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Childhood Memories: Toys

I heard someone saying the other day, “I don’t remember anything about grade three.” The point was that she remember the grades on either side to some degree but nothing about grade three. And over time we forget a lot of the everyday, normal boring stuff. We remember the unusual, the good and the bad. Often, I think, we remember the bad best of all because it sears our memories like a branding iron, the pain making pathways we’d sooner forget.

So good memories become rarer in some cases. A few though, stay in our memories in various ways, sometimes in a back file that is triggered when you see something. Like the other night when in a friend’s attic there was a little wooden sleigh with metal runners. I remember having one like that when I was a child, which had been my older siblings’. And thinking of that makes me remember this big (about 6 inches long) red, metal tractor with large rubber wheels and a spring beneath the seat. It had been my older brother’s but could have been around even longer than that.

I had this little metal fridge. In my eyes it was about ten inches tall. I don’t know if that’s accurate but I really loved it. It was white and round and then one year I got a sleek new brown and black fridge, all rectangular with plastic vegetables. I still missed the original fridge, which had somehow even then, seemed to have more personality than the new gadget. I can’t explain why I was so attached to that old metal fridge.

And dolls. My sister was never into them but I had a doll in a purple dress with purple hair. She may have even been a walking doll, one that if you grabbed its hand and walked it would rock back and forth and follow. Actually now that I think of it, the walking doll was different and a couple of feet tall whereas the purple doll was about a foot tall. There was also a nurse doll, in a blue and white striped dress, a white nurse’s cap and a blue cape. It too must have come from my sister. My favorite was a Debbie doll. She was about 6-8 inches tall with short, curly platinum hair (kind of Marilyn Monroe-ish) and unlike Barbie dolls had proportionate plastic features.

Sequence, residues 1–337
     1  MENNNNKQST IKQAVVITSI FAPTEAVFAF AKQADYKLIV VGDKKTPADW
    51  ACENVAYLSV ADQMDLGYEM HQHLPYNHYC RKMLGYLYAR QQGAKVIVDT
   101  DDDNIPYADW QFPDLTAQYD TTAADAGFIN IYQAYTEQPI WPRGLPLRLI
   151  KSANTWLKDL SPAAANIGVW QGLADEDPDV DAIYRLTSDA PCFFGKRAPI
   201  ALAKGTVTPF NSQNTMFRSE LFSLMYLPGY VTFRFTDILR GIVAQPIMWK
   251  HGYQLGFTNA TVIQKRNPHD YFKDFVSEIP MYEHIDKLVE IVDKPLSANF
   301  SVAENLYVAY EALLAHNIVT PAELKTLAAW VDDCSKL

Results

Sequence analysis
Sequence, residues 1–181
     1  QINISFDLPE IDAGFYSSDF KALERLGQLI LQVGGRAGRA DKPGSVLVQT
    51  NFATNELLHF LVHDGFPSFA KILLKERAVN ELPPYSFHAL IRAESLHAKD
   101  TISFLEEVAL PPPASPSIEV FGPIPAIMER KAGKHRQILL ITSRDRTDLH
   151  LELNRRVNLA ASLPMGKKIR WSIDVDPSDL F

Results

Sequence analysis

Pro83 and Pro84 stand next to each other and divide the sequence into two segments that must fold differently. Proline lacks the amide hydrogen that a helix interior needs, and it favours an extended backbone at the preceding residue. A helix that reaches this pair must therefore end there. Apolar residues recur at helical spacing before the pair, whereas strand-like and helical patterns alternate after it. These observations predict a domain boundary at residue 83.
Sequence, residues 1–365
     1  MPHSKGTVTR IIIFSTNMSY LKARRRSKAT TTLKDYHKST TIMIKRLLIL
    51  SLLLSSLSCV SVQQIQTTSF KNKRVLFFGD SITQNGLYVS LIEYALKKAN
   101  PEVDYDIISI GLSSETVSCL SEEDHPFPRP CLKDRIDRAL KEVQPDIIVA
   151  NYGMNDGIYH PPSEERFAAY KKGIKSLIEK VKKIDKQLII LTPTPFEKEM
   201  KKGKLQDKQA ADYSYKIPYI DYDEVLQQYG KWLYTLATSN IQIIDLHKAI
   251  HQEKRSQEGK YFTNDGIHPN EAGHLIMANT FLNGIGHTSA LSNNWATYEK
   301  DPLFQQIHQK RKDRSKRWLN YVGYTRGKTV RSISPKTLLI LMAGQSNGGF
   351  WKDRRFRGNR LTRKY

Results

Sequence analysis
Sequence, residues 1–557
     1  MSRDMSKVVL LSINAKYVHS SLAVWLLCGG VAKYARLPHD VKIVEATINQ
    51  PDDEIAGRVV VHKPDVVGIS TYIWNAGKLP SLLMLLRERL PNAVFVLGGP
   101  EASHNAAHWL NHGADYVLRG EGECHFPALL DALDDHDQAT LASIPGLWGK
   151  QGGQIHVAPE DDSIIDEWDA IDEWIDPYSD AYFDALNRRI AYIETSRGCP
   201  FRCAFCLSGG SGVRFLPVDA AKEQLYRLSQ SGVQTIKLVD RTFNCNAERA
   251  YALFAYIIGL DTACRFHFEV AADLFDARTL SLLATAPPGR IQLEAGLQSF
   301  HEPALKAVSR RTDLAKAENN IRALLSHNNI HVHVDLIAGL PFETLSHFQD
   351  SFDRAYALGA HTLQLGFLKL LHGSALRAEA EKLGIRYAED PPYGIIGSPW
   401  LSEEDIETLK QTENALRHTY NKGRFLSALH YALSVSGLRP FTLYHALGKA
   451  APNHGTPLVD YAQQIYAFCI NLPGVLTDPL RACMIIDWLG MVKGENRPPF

The best thing about my Debbie doll was her plastic closet of clothes. They were quite a range and made fairly well. Compared to Barbie’s fairly trashy clothes, Debbie’s were very well made. Little cocktail dresses with a velvet top and red taffeta skirt, evening gowns, suits in various materials. I always liked dressing up dolls and paper dolls and would spend hours design and drawing fashion outfits in my early tweens. I briefly entertained thoughts of being a fashion designer but didn’t like sewing.

Dolls were a pretty big thing. I was pretty typical that way. My brother had asked for a G.I. Joe doll but my mother (maybe typical of her era) said that boys didn’t play with dolls. Riiight. So in his own way my brother, two years younger, maybe four years of age, found a way. He took all of my dolls, stripped off their clothes and threw them in a big pile. I imagine he danced around looking demonic but that’s just my imagination. But what he was imagining was that he was burning them or as my brother called it, “I’m firing them.” Shades of the Inquisition.